Center for Biological Diversity

For Immediate Release, January 22, 2018

Contact:  Collette Adkins, Center for Biological Diversity, (651) 955-3821,
Cynthia Sarthou, Gulf Restoration Network, (504) 525-1528 x 202,

Supreme Court Takes Up Case Challenging Habitat Protections for Endangered Frog in Mississippi, Louisiana

NEW ORLEANS— The U.S. Supreme Court today ruled that it will reconsider the appellate court decision that maintained protections for 6,477 acres of critical habitat in Mississippi and Louisiana for endangered dusky gopher frogs. Today’s decision grants Weyerhaeuser’s “petition for certiorari,” in which the timber company asked the Supreme Court to reconsider the June 2016 decision from a three-judge panel of the 5th Circuit Court of Appeals.

“We’re disappointed the Supreme Court took up the case but confident the justices will ultimately uphold this imperiled frog’s habitat protections,” said Collette Adkins, a Center for Biological Diversity attorney who works to conserve amphibians and reptiles. “The Fish and Wildlife Service followed the unanimous advice of frog experts in deciding to protect essential habitat of these critically endangered animals.”

In deciding to take up the case, the Supreme Court will reconsider a lower-court decision that upheld the 2012 rule establishing the habitat protections, including 1,600 privately owned acres of unoccupied frog habitat in Louisiana. The panel held that the Fish and Wildlife Service reasonably concluded that the St. Tammany Parish land is essential for recovery of the frogs, which are now confined to just three sites in southern Mississippi — with only one site regularly showing frog reproduction.

Although the frogs no longer live on the St. Tammany Parish lands, the panel agreed with the Service that those lands are essential because they contain five ephemeral ponds, each within hopping distance of the next. Dusky gopher frogs lay their eggs only in such temporary ponds — which are free of fish that would devour their eggs — and the St. Tammany Parish land was the frogs’ last known Louisiana breeding ground. The court also rejected the landowners’ argument that federal government regulation of the private lands was an unconstitutional abuse of power.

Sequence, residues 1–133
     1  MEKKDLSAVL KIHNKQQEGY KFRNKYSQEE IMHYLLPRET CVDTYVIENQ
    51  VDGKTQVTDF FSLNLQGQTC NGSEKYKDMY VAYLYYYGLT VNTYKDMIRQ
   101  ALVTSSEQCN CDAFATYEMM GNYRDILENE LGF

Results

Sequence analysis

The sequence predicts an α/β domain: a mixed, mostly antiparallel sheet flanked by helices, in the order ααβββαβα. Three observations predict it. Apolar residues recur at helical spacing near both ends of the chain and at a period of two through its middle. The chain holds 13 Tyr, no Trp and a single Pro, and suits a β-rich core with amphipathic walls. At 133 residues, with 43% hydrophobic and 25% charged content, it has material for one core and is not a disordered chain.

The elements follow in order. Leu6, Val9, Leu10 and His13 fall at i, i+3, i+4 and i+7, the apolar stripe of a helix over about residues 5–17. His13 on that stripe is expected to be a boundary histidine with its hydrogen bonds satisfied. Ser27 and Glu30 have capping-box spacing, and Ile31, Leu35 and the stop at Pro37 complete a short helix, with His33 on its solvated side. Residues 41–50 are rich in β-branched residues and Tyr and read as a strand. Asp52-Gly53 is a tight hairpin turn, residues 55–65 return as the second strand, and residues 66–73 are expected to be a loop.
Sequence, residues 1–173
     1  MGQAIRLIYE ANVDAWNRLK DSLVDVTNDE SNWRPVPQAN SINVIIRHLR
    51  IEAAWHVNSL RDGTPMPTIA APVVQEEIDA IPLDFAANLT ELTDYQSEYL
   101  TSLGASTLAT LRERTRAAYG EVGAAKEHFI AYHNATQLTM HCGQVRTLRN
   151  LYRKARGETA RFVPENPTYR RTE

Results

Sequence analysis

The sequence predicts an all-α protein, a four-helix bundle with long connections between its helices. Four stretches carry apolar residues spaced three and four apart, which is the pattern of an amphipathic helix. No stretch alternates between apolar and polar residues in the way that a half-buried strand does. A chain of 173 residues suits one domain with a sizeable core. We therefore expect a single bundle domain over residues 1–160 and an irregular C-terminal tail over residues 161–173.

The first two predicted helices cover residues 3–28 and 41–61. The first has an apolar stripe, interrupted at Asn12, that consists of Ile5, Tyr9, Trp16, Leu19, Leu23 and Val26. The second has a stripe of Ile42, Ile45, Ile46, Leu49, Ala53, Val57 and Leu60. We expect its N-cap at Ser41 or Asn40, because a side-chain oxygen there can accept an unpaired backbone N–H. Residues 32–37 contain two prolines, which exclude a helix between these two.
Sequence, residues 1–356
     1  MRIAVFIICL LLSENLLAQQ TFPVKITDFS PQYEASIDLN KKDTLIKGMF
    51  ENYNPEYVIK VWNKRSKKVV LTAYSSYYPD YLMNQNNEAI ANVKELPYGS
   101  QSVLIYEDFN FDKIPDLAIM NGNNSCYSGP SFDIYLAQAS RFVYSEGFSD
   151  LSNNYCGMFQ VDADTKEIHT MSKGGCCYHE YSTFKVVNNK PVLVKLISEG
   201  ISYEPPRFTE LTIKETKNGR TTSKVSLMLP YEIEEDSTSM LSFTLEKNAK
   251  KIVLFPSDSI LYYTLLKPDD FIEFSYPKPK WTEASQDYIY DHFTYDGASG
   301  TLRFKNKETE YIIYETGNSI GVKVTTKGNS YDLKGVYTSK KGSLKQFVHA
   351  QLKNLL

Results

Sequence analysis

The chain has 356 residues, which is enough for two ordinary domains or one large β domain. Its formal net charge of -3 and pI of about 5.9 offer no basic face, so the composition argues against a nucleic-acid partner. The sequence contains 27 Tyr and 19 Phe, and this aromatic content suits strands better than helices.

“The Supreme Court’s ruling is bad news for these endangered frogs,” said Cynthia Sarthou, executive director of the Gulf Restoration Network. “This lawsuit attempts to gut essential habitat protections for the frog. For too long the U.S. Fish and Wildlife Service has had to focus its limited resources on defending this decision rather than recovering the frogs and restoring their habitat.”
The Center and Gulf Restoration Network filed a brief in opposition to the petitions for certiorari and will participate as parties in the litigation before the Supreme Court.

The dusky gopher frog (Rana sevosa) is a warty, dark-colored frog with ridges on the sides of its back. When picked up, these frogs cover their eyes with their forefeet, possibly to protect their faces until predators taste their bitter skin secretions and release them. Gopher frogs spend most of their lives underground in burrows created by gopher tortoises — hence their name.

Once prevalent throughout Louisiana, Mississippi and Alabama, dusky gopher frogs are nearly extinct. More than 98 percent of longleaf pine forests — upon which the frog and many other rare animals depend — have been destroyed. Fire suppression, drought, pesticides, urban sprawl, highway construction and the decline of gopher tortoises have made this frog so rare it now lives in only a few small Mississippi ponds, with only one pond showing consistent frog reproduction.

In response to a Center lawsuit, the Fish and Wildlife Service listed the gopher frog as a federally endangered species in 2001. The lawsuit and advocacy by the Center also prompted the 2012 critical habitat designation at issue in today’s ruling. Additionally, in response to legal advocacy by the Center and Gulf Restoration Network, the agency released a final recovery plan for the frogs in 2015.

More than 170 acres of critical habitat for the endangered dusky gopher frog were protected from development under a land purchase announced in 2015 by the Center for Biological Diversity, Mississippi Chapter of the Sierra Club, Gulf Restoration Network, the Land Trust for the Mississippi Coastal Plain and Columbus Communities, the developer of a planned community called “Tradition” in Harrison County, Miss. The land, now owned by the Land Trust, has been shielded from development to help ensure the survival of this rare frog and its longleaf pine habitat.

Dusky gopher frog

Dusky gopher frog courtesy USFWS. This image is available for media use.

The Center for Biological Diversity is a national, nonprofit conservation organization with more than 1.6 million members and online activists dedicated to the protection of endangered species and wild places.

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